Part 2, entitled “Humour and Gender”, opens with Margaret D. Stetz’s article about the ways in which gender discourses calibrate what can be laughed at. She reveals how fashion is almost exclusively associated with femininity and sheds light on how the discursive strategies to downplay the art of fashion are closely intertwined with ways of devaluing women; fashion and femininity are ridiculed, exposed to laughter, and thus marked as unimportant in order to further marginalise women culturally and socially. Stetz thus elucidates the politics of laughter and takes issue with the social hierarchies constructed through the power of humour.

In “Neo-Victorian Feminist History and the Political Potential of Humour” [170-191], Tara MacDonald focuses on Jessica Swale’s play Blue Stockings and the BBC’s suffragette comedy Up the Women (2013) to illustrate how vital comedy is to promote feminist concerns in mainstream culture. She argues that humour serves metafictional purposes in the respective cultural products that, in turn, help to oppose political and social jeopardies of gender equality.

In their joint article “Good Vibrations : Hysteria, Female Orgasm, and Medical Humour in Neo-Victorianism” [192-212], Monika Pietrzak-Franger and Eckart Voigts claim that works such as Emi Gennis’s A History of Vibrators (2014), Sarah Ruhl’s In the Next Room (or The Vibrator Play) (2010) or Tanya Wexler’s Hysteria (2011) “stage a satirical comedy of denigration and exclusion at the expense of a (supposedly) bygone patriarchal regime, represented by chauvinistic, obtuse, self-willed male doctors, as well as (occasionally) other figures of male Victorian wealth and authority (judges, lawyers, etc.)” [193]. They analyse the extent to which such works prove symptomatic of a neo-Victorian normalisation of post-feminist hedonism. Furthermore, they show how comedy may become complicit with forms of consumerism that sometimes go against the grain of a liberal feminism or threaten to substitute human closeness with mechanical stimulation.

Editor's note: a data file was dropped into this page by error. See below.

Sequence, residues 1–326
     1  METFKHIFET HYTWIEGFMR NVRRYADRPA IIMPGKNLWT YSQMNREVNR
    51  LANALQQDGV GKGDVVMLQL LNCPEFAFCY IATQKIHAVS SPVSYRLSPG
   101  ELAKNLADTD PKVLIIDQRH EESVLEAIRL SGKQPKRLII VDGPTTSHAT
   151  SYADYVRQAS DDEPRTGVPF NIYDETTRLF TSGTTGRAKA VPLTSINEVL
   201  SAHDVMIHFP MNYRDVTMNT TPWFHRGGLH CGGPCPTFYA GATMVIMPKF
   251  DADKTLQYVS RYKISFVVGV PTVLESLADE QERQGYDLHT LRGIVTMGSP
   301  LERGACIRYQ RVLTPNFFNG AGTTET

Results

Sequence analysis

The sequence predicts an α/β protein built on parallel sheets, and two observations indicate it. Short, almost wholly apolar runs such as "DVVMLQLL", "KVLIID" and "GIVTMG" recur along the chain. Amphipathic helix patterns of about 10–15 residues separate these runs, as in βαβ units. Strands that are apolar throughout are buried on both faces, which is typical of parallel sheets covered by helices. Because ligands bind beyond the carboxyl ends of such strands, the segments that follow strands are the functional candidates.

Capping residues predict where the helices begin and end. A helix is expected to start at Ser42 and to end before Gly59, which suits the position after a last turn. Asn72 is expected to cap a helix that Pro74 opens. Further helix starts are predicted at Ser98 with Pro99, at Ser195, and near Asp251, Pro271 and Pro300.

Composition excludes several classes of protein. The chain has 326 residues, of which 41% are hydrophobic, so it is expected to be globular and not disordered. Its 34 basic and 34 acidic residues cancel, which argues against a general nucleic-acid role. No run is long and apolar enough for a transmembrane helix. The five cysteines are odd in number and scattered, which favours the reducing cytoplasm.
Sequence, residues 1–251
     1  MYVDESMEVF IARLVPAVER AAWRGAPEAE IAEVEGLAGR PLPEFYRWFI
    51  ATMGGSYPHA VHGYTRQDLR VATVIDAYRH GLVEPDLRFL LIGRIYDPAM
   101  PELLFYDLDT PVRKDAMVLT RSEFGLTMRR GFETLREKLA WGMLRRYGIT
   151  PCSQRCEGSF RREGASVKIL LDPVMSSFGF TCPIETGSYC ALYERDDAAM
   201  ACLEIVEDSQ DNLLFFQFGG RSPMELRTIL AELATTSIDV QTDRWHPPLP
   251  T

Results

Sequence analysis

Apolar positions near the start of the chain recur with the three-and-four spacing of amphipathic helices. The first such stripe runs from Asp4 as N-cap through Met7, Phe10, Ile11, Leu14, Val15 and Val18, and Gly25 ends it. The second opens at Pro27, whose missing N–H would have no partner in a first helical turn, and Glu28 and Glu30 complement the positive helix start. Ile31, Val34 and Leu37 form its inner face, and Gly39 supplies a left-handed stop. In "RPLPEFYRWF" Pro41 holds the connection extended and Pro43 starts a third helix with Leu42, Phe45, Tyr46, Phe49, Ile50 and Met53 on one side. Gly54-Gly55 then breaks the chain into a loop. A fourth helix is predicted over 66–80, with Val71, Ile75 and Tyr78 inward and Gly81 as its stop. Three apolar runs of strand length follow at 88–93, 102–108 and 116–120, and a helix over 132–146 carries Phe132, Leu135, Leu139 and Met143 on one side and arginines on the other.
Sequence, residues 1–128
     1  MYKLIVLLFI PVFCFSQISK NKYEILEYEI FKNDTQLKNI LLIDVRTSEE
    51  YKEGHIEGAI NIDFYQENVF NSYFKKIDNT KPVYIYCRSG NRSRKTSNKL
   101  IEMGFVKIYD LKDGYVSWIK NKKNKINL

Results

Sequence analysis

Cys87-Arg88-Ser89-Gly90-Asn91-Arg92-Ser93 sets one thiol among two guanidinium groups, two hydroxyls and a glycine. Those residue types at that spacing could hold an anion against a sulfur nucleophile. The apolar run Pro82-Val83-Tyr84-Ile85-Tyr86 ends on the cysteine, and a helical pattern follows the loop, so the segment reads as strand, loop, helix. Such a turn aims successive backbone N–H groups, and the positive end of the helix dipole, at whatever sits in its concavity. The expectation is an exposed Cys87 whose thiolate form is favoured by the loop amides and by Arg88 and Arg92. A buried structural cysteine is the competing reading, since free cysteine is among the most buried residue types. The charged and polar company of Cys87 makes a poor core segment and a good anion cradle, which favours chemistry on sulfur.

An innovative and seriously funny contribution, Dru Pagliassotti’s “‘People keep giving me rings, but I think a small death ray might be more practical’ : Woman and Mad Science in Steampunk Comics” [213-248] deals with the figure of the female mad scientist in steampunk web comics. As the analysis shows, it is only in web comics that liberation from established gender stereotypes becomes culturally viable, which is interesting both in terms of gender studies and in terms of media studies. New media enable new femininities that weaken the ideological shackles of romance and allow for female appropriations of, for instance, “an obsessive pursuit of knowledge and invention” [240]. Part 2 is generally the most versatile in terms of different media and genres and is aptly placed at the centre of the edited collection.

“Humour and Postmodernism” is the title of part 3 of Neo-Victorian Humour. Megen de Bruin-Molé opens this final part with “‘Now with Ultraviolent Zombie-Mayhem!’ : The Neo-Victorian Novel-as-Mashup and the Limits of Postmodern Irony” [249-276]. With her focus on the limits of postmodern irony and her emphasis on both hermeneutic and ethical questions, the author already indicates that the mash-up may be a genre that exceeds the boundaries of the postmodern as a period. Theoretically, she associates the mash-up with Susan Sontag’s notion of camp because “its intentional awfulness […] may best explain its attractions” [251], which broaches the topic of high and low culture in neo-Victorianism. Apart from its ostentatious embeddedness in popular culture, the mash-up sports a more complicated kind of irony than a critical revision of the nineteenth century [see 255]. Consequently, the ethical and political impact of mash-up intertextuality is more difficult to ascertain as it becomes more playful.